Like said above you can change the springs to bring up the rpms. Keep in mind you dont want to go past 4k on a stocker, Destructive torsional harmonic resonance occurs at 4100rpm and stock rods and crank will bite the dust @ 5400rpm if it makes it through the resonance!
Its not like a governor on a gasser, its not a hinderance like gasser governors are, it just pulls fuel at the rpms determined by the governor springs to limit RPMs. Its actually a real nice perk since unlike a gasser it wont just spin to the moon and blow up if you go WOT with no load! (ie driveshaft break, clutch slip, spinning out/burnouts)
I don't think you can drive one without a governor. A gasser reacts to air flow that causes a fuel change so there is an automatic smoothing of throttle response. A diesel reacts instantly to fuel change. The governor smooths that out.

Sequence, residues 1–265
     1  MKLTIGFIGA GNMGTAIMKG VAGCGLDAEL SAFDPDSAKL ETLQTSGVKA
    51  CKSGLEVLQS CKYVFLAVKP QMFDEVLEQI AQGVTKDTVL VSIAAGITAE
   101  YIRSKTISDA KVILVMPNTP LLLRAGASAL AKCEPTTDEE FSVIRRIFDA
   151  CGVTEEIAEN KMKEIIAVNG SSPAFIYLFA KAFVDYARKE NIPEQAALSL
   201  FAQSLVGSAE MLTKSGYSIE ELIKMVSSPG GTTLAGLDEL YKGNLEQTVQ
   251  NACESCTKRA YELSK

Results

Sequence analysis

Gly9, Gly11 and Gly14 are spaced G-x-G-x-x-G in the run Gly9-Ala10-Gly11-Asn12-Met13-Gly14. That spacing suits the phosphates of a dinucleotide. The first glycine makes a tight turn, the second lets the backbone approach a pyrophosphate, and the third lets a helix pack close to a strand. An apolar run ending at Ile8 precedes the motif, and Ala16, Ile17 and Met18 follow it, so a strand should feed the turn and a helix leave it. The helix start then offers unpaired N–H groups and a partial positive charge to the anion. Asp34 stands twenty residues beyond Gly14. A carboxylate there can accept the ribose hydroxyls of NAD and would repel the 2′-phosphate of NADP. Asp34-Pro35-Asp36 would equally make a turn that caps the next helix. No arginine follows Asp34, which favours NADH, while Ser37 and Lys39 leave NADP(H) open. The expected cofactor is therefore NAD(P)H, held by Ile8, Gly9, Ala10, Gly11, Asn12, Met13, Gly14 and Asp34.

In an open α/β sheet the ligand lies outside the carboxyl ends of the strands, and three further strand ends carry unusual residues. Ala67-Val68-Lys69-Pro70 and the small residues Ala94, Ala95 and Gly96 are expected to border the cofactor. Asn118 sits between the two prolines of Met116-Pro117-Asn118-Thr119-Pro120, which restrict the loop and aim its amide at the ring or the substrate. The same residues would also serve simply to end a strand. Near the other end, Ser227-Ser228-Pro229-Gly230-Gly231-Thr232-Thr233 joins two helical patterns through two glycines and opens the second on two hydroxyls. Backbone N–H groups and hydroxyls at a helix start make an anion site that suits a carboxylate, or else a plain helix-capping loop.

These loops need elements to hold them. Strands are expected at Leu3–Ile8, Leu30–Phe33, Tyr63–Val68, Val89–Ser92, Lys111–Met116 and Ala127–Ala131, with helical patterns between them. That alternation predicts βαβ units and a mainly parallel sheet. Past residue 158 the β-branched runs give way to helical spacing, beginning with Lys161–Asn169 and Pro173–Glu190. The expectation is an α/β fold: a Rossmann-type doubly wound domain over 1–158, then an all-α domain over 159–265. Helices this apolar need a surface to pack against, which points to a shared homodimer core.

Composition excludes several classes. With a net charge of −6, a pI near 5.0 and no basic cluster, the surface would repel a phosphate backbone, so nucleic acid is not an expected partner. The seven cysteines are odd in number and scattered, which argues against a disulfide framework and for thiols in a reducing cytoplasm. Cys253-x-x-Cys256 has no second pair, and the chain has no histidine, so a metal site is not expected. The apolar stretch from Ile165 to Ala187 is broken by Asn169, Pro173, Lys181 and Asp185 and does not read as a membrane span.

I'm not sure if you quite understand how your governor works. Theoretically you could remove it but the truck probably works better with it on.
You can modify you governor, most of the time you don't need more than a stock counterwieght setup can provide on the street, but you could have the weights modified if you need more. If you really need to get rid of it you could have an ag style governor put on, but they are really tough to drive
I personally would [B]STRONGLY[/B]advise against it. I'm sure the folks at Cummins put it there for a reason. Just put a GSK in it and be done. If you go more than a 4K, you will have to put the 60 lb springs in it. The stockers can't handle anything higher than 3400-3500 rpm. The WILL break!!!
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